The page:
Thought Leader Series: Improve the Fitness Center, Improve the Senior Living Community

By Aaron Eisberg



seniors-gym.jpgStephan Baldwin is the Director of Business Development for Assisted Living Center, a senior living directory.

Everyone knows that fitness is important at any age, but for seniors an active lifestyle is crucial for maintaining health. Today's seniors are engaged now more than ever in their overall health and fitness levels. People in their sixties and seventies are no longer frail, helpless residents that sit on their couch watching Matlock all day.

When taking tours of senior living communities, amenities like a fitness center may make or break their decision on where to live.

Quickly and Easily Improve the Fitness Center

It can be easy to spend tens of thousands of dollars on expensive weight-training machines, cardio equipment and more to make your fitness center elite. But unless the equipment is being used properly and with the right intensity, senior residents won't see the benefits.

Group training with heart rate monitors and displays will not only make your exercise facility look like it's on the cutting edge of fitness technology, it will help your residents see and feel the results.

Heart rate monitors have become popular among high-end gyms and fitness studios, many of which don't use a lot of expensive equipment. Instead, they opt for calisthenics, dumbbells and medicine balls.

Is Heart Rate Training Just a Trend?

Heart rate training is not a fad like the Thighmaster or a Shake Weight. Monitoring heart rates for fitness goes back to the late 1970s. Seppo Säynäjäkangas, a professor in Finland, developed it for their Olympic cross-country team, according to Forbes.

The "intensity training" method took off in the '80s for many competitive distance events such as running and cycling. Eventually this type of training reached the amateur ranks as casual runners and exercise enthusiasts began utilizing it simply because it produces results.

You don't have to be an Olympic coach training elite athletes to see what this can do for your senior living community's residents. The tracking and display system will be as relevant ten years from now as it is today.

Benefits of Heart Rate Monitoring

Constantly monitoring each senior's heart rate gives you the ability to adjust each person's workout intensity while they exercise. This will help each individual exercise within his or her own capabilities and reach his or her limits without exceeding them, which is incredibly important for safety.

senior-trainer.jpgMaximizing fitness time will improve several key physical challenges that seniors living in your community face.

  • Exercise safely: Seeing each individuals heart rate in real time can help fitness instructors prevent seniors from overexerting themselves, especially for those who are new to working out.
  • Track progress: Many heart rate monitors store weeks of exercise data. Accuro's products create profiles for each senior so tracking progress is a snap!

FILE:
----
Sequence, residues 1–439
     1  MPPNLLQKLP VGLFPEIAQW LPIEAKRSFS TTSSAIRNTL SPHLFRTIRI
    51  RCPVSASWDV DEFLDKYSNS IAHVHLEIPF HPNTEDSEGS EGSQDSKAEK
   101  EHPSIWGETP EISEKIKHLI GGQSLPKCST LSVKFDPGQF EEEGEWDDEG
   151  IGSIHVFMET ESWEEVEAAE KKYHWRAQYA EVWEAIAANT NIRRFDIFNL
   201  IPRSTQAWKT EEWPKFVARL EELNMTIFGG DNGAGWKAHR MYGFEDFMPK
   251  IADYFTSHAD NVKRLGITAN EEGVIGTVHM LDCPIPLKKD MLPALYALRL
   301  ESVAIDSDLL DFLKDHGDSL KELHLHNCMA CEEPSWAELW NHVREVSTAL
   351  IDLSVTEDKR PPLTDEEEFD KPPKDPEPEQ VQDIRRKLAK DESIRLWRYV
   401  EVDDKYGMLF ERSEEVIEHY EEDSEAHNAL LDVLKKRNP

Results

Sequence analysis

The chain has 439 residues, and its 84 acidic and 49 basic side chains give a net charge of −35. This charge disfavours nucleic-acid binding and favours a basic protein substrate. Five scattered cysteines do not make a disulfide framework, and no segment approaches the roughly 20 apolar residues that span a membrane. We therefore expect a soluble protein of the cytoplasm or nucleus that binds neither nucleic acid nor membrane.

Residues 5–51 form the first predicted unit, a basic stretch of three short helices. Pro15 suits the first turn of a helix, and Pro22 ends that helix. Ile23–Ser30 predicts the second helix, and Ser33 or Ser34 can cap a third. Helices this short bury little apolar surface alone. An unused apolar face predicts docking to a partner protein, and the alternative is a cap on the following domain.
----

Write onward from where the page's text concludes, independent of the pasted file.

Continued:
• Lower heart rate: Staying in their ideal personal "zones," seniors can increase their cardiovascular health and reduce their chances of heart disease or heart attacks.
  • Maintaining muscle mass: Seniors who are inactive frequently suffer from muscle atrophy. Their strength and body weight decline until they become too weak to lift even their own bodies from chairs without assistance.
  • Improved balance and coordination: There are a variety of reasons why older adults lose their coordination. Visual impairments, losing their sense of touch, and prescription medications are potential causes, among others. Exercising keeps them physically sharp and maintains their ability to balance and reduce the chance of falls.
  • Increased flexibility: Aging naturally reduces flexibility as connective tissue like ligaments and tendons become stiff. Proper exercise helps keep joints limber.

Senior Heart Rate Training Zones

Monitoring heart rates are useless unless you know the maximum beats per minute (BPM) for your age. You don't need to be a doctor to find this out, just subtract your age from 220. So if you're 60 years old, your maximum heart is 160 BRM (220-60=160).

Keep in mind that residents should never try to reach this max level. According to the American Heart Association, your heart rate while exercising should be between 50 and 85% of your max heart rate to see the best results. Seniors who are new to exercise should stay closer to the 50% range.

  • 55 years: 83-140 BPM
  • 60 years: 80-136 BPM
  • 65 years: 78-132 BPM
  • 70 years: 75-128 BPM
  • 75 years: 72-123 BPM
  • 80 years: 70-119 BPM
  • 85 years: 67-114 BPM
  • 90 years: 65-110 BPM

Visitors taking tours of your senior living community will no doubt be impressed by how advanced your fitness center is when they see the heart rate display and tracking system.

More importantly, current residents will be healthier and happier as a result. Nothing will sell the benefits of your assisted living community than hallways and rooms of happy, fit seniors.

Interested in learning more about how Accuro products can take your fitness center to the next level? Download the catalog today.